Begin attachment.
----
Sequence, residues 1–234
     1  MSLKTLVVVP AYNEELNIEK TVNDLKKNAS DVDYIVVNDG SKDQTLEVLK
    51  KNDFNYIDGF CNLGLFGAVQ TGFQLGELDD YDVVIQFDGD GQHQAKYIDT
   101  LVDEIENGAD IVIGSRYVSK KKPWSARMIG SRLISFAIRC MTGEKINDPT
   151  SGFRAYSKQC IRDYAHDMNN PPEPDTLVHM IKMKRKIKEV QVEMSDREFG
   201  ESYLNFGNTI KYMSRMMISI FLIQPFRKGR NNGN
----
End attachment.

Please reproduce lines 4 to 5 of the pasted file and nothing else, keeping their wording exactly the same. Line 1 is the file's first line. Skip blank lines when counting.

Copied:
   101  LVDEIENGAD IVIGSRYVSK KKPWSARMIG SRLISFAIRC MTGEKINDPT
   151  SGFRAYSKQC IRDYAHDMNN PPEPDTLVHM IKMKRKIKEV QVEMSDREFG